Some appointments take months to come through then it’s another wait for the report of that appointment to get back to you.

You wait eagerly for services to call you back but it’s more than likely you have to spend a good few days trying to chase them.

The worst waiting of all is waiting for people to make a decision about your child that affects their future; it’s agonising. Funding is being cut and the demand for support and resources is increasing, meaning life can become a bit of a waiting game.

7. Emotions

Being human — let alone being a parent — is a huge emotional roller coaster; being an additional needs mum takes you round the roller coaster track multiple times a day.

One moment you can be dancing around the room because your child has managed to put their own top on, the next you could be fighting back tears because your child has been crying for nearly 20 minutes after having their nails cut and you can’t calm them down.

You just never know what amazing highs or what challenging lows you’re going to face, and that can cause havoc with your emotions.

8. Socialising

How do you socialise with a child who doesn’t always like socialising? The answer is you don’t do it a lot, but when you do and it goes well you appreciate it so much more.

A really hard thing is when you’re out at somewhere like the park and another child comes up to you and asks why your son doesn’t want to play or talk to them; being asked that never gets easier.

I see and hear about the mums who go on play dates together or are always at a birthday parties and I can’t help but have a tinge of sadness. We’ve tried it in the past before and our last experience left Jayden crying under a table.

I’ve become an expert on what times and day’s places are quieter so that’s when we venture off to have some fun.

9. Social media

There are times (mostly when those emotions are running wild) that I really struggle with social media and I contemplate deleting all my accounts.

It’s so hard to see my mum friends with similar aged or even younger children who are achieving things that Jayden hasn’t yet.

You get told and told time again to never compare, but it’s so hard not too when it’s right in front of you. Proud parents want to show their children off to the world — I’m guilty of it too.

It just seems those kind of posts always seem to pop up when you’re having a low day.

10. Communication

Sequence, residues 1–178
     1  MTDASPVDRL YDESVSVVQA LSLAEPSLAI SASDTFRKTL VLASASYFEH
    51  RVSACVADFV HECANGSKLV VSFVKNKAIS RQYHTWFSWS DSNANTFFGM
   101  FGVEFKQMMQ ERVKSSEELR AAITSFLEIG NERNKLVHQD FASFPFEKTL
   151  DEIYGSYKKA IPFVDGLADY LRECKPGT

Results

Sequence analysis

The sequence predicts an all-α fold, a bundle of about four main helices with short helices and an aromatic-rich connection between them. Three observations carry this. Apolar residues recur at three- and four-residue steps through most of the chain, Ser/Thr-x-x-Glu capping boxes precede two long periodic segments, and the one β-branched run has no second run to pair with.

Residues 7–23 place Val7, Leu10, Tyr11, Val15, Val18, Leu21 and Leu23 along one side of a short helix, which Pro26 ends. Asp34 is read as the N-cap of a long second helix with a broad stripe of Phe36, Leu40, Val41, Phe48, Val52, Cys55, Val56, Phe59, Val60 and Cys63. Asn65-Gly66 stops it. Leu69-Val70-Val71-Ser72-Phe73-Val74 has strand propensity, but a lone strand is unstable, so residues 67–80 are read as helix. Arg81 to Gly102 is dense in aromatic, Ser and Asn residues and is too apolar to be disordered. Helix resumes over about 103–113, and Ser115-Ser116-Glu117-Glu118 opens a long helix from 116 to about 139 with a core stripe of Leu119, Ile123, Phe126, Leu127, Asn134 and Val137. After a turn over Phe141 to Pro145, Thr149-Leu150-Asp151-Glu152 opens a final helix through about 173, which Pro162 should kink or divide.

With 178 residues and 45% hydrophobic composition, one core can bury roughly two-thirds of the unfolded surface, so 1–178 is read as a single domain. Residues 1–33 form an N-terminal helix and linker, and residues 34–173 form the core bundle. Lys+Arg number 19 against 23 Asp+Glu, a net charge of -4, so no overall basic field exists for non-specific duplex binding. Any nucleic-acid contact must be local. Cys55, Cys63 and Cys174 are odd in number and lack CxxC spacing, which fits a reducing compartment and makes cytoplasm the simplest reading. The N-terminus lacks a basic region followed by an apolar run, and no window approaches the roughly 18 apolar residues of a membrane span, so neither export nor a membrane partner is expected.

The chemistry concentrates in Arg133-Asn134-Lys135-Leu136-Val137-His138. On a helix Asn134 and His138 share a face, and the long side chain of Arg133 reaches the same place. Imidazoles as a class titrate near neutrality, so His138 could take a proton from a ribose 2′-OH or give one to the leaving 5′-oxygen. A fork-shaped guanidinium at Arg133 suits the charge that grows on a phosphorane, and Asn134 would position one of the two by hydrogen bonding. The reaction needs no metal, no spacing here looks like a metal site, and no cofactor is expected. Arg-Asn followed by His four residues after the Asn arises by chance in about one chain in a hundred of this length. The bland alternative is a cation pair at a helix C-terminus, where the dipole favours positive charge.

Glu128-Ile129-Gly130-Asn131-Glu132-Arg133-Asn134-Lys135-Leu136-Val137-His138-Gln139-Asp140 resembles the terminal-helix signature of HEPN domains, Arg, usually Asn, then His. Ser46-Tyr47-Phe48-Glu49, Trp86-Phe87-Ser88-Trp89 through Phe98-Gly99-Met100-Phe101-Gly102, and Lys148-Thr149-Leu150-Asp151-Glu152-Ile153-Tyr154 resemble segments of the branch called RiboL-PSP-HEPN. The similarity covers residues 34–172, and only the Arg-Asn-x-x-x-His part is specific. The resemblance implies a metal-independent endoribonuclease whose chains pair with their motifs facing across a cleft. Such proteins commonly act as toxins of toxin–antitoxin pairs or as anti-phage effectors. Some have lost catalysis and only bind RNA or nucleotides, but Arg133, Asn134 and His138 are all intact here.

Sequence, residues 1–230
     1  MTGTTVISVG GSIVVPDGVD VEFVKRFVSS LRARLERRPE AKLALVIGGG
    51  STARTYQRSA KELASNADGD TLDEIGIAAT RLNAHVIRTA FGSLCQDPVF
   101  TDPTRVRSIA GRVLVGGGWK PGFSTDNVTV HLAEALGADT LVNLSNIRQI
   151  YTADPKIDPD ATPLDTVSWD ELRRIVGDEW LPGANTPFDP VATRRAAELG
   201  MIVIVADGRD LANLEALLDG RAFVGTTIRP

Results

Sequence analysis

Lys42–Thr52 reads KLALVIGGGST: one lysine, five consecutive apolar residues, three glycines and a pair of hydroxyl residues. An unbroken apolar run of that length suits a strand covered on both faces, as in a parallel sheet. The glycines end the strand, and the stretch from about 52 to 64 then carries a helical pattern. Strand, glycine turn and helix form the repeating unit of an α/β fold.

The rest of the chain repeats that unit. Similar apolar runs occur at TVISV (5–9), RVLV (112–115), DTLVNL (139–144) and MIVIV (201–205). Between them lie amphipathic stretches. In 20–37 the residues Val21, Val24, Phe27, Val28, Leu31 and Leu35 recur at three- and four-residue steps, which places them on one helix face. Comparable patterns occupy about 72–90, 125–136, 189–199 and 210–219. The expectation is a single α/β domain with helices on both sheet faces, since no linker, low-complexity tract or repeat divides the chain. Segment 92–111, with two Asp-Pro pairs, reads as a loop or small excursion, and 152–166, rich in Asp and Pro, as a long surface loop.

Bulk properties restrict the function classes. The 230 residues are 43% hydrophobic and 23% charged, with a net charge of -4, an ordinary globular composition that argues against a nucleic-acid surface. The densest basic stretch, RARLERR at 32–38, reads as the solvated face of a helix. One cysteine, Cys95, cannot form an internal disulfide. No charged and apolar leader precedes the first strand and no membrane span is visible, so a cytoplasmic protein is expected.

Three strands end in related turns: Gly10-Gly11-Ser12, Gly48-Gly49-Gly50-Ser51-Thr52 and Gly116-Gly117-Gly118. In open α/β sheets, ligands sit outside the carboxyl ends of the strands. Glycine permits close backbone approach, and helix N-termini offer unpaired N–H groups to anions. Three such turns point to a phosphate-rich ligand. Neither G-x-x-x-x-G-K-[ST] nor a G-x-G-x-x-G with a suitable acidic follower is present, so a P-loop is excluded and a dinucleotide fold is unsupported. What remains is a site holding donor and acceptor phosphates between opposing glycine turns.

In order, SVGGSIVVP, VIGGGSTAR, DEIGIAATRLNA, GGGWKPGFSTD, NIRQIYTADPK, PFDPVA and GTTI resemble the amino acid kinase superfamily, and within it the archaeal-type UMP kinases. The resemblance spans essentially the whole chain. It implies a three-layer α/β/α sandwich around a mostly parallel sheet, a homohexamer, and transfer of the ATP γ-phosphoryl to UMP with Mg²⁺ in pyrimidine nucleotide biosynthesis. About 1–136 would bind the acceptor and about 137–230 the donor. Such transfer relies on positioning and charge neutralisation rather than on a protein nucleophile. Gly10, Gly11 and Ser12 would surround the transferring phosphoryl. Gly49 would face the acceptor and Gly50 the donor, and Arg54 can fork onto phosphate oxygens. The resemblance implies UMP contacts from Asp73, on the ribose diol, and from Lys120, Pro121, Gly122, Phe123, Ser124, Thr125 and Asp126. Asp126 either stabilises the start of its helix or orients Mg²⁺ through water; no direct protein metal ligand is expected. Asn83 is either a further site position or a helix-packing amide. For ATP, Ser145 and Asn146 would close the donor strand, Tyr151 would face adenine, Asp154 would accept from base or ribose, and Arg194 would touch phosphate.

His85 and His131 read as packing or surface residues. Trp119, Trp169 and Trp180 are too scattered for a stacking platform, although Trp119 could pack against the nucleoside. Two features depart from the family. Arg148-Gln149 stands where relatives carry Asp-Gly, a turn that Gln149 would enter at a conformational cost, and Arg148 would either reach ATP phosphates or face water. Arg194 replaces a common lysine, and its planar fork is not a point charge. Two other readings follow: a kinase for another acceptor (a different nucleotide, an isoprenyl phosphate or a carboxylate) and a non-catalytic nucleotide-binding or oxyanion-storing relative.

Not being able to chat to your child is a really difficult experience. You so wish to know what they’re thinking, how their feeling and even what they dreamed about last night.

But having a child who can’t communicate well faces you with many challenges and you sort of learn to communicate in your own kind of language and way.

I know what certain noises or movements mean and Jayden uses some of his own words to get his needs across, like saying “titap” for his tablet.

I’ve noticed when people can’t understand what Jayden is saying they always give the same kind of look, which I’ve learnt is my cue to translate for him. But there are times where even I don’t know what Jayden’s saying and that’s really tough.

I always tell him I love him — I can’t wait for the day he understands just how loved he is.

If your child has additional needs: where to find support

If looking for further advice and support I would recommend speaking to your health visitor if you still have one, your GP and your local council.

They will be able to signpost you for extra support, your GP and health visitor can start the referral processes if needed and the health visitors and your local council will be able to inform you of any groups you could attend.

Another thing I really recommend is the internet and Facebook groups. The internet can give blogs to learn from, groups for support and charities near you that can help.

There are some fantastic groups on Facebook who are full of people who have been in your shoes and can offer amazing advice. These groups accept everyone from concerned mums, to those with a diagnosis.

A great website to use is Special Needs Jungle — they post really relevant articles and the website is full of resources.

Talking to other parents is a godsend when you have concerns; just hearing that someone else knows how you feel makes so much of a difference.

Follow Charlie and Jayden’s journey at her blog, Helping JJ.

Other charities and organisations who can help

Visit our support section for more suggestions of where to get support if your child is disabled or has additional needs.